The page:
Life in man is the glory of God; the life of man is the vision of God.

If the revelation of God through creation gives life to all who live upon the earth, much more does the manifestation of the Father through the Word give life to those who see God.

Irenaeus of Lyons (2nd century AD – c. 202):Adversus Haereses 4.20.5-7, from the Office of Readings for the feast (liturgical memorial) of Saint Irenaeus on June 28 @ Crossroads Initiative.  

Bernard of Clairvaux: In Christ We See the Object of Our Love, by the Spirit We are Empowered to Love Him Saturday, Jun 4 2011 

No one who loves God need have any doubt that God loves him.

God gladly returns our love, which was preceded by his own.

How could he be reluctant to love us in response to our love for him, when he already loved us before we ever loved him at all.

Yes, I say, God loved us.

We have a pledge of his love in the Spirit and a faithful witness to it in Jesus – a double and irrefutable proof of the love God bears toward each one of us.

Christ died, and so deserves our love.

The Spirit moves us by his grace and so enables us to love.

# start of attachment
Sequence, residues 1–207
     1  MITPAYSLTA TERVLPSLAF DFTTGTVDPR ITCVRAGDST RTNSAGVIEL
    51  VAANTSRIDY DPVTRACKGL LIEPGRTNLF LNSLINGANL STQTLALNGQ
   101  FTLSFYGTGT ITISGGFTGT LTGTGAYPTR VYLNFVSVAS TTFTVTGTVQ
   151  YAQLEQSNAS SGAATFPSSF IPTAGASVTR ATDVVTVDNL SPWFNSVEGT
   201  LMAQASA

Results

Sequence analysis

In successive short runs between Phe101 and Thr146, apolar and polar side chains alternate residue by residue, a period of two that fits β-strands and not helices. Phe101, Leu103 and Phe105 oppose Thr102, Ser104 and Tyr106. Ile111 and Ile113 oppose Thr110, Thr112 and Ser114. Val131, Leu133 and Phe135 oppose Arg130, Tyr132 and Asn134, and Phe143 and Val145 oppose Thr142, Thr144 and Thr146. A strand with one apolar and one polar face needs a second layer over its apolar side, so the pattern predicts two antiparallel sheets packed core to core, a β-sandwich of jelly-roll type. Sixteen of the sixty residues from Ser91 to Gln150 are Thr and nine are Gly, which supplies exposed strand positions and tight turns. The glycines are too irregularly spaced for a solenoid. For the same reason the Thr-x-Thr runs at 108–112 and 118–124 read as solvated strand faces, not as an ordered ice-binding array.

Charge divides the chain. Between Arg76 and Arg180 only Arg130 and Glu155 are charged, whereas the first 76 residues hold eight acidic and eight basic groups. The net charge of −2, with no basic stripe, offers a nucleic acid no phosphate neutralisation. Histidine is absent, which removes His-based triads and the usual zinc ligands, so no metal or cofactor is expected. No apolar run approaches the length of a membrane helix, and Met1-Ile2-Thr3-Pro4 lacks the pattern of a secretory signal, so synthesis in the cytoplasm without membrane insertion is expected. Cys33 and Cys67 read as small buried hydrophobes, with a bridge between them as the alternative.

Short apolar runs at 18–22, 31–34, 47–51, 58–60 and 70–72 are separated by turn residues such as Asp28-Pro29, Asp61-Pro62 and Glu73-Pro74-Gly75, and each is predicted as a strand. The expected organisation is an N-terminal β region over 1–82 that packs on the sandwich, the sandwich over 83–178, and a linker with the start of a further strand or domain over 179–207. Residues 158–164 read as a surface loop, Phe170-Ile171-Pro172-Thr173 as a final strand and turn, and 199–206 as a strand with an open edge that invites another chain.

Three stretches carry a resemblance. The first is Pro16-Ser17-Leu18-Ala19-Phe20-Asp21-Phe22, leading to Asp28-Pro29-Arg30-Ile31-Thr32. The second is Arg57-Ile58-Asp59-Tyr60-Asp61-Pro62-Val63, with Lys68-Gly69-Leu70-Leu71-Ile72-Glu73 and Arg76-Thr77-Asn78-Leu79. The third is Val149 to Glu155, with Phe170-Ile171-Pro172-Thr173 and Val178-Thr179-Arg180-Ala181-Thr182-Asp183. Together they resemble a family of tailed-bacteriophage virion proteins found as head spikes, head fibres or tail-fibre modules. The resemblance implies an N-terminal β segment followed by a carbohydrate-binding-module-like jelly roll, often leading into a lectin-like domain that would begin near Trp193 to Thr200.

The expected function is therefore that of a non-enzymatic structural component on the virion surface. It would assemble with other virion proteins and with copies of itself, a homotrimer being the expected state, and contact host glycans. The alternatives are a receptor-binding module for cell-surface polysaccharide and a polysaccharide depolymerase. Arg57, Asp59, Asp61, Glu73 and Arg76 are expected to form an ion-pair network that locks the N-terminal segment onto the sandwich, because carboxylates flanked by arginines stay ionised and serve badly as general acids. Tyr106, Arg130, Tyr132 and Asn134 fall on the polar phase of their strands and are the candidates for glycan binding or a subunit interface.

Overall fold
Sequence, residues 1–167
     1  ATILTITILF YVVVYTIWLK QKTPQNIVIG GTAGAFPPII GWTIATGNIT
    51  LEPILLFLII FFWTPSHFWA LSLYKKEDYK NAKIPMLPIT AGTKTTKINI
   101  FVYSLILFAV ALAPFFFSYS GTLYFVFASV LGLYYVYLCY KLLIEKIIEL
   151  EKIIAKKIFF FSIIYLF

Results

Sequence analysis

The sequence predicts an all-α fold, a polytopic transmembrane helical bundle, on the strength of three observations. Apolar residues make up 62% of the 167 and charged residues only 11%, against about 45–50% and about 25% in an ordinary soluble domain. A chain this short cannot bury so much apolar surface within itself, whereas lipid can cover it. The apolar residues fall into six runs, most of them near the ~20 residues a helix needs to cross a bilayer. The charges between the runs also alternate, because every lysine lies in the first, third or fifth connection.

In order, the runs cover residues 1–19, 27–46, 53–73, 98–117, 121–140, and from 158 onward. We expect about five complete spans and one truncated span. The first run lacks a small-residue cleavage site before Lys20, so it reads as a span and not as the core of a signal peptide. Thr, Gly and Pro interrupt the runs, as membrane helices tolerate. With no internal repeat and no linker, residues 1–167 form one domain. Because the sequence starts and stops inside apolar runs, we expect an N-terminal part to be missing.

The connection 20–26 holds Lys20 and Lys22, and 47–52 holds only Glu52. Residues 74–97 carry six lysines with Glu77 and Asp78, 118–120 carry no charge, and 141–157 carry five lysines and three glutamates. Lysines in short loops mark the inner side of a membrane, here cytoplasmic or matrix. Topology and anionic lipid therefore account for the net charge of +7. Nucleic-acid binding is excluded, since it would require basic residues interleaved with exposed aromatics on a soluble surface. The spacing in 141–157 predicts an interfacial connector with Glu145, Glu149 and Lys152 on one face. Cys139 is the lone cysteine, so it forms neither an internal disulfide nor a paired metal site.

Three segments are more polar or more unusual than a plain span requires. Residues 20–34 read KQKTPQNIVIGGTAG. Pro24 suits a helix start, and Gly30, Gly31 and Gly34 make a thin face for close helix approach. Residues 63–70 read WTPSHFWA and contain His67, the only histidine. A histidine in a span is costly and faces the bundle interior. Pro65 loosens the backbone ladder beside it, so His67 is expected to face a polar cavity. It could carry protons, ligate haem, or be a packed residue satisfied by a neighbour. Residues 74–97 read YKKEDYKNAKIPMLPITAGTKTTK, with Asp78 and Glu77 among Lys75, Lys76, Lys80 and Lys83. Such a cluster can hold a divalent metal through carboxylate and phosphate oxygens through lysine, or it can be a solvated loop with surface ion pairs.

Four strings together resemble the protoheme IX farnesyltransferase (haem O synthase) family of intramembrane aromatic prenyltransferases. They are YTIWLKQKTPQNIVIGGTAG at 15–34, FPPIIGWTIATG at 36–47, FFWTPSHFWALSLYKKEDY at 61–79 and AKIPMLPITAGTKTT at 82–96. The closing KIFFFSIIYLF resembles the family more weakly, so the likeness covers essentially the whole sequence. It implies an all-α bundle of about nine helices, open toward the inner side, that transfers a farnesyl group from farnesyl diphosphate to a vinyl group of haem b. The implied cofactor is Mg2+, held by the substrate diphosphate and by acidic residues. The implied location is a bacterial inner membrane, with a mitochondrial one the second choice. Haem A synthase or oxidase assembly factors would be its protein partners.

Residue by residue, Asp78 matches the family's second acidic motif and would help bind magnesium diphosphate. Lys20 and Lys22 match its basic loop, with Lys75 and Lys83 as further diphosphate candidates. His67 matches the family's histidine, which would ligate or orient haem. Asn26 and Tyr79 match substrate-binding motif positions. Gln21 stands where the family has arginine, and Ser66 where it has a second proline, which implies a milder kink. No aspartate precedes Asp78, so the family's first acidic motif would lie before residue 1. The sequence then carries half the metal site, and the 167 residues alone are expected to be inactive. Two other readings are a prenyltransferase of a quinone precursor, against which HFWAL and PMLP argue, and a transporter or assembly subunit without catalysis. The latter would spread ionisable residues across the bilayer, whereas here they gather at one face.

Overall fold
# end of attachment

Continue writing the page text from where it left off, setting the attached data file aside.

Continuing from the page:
Christ gives us the reason, the Spirit gives us the power.

The one sets before us the example of his own great love, the other gives us the love itself.

In Christ we see the object of our love, by the Spirit we are empowered to love him.

We can say then that the former supplies the motive for charity, the latter the volition.

How shameful it would be to see God’s Son dying for us without being moved to gratitude!

Yet this could easily happen if the Spirit were lacking.

Now, however, the love of God has been poured into our hearts by the Holy Spirit he has given us, and so we love him in return for his love, and by loving him we deserve to be loved still more.

If while we were still his enemies we were reconciled to God through the death of his Son, how much more, now that we are reconciled, shall we be saved through his Son’s life!

[…] We possess, then, a double token of our salvation, the twofold outpouring of blood and Spirit.

Neither is of any profit to us without the other.

The Spirit is only given to those who believe in the Crucified, and faith is only effective when it works through love.

But love is the gift of the Spirit.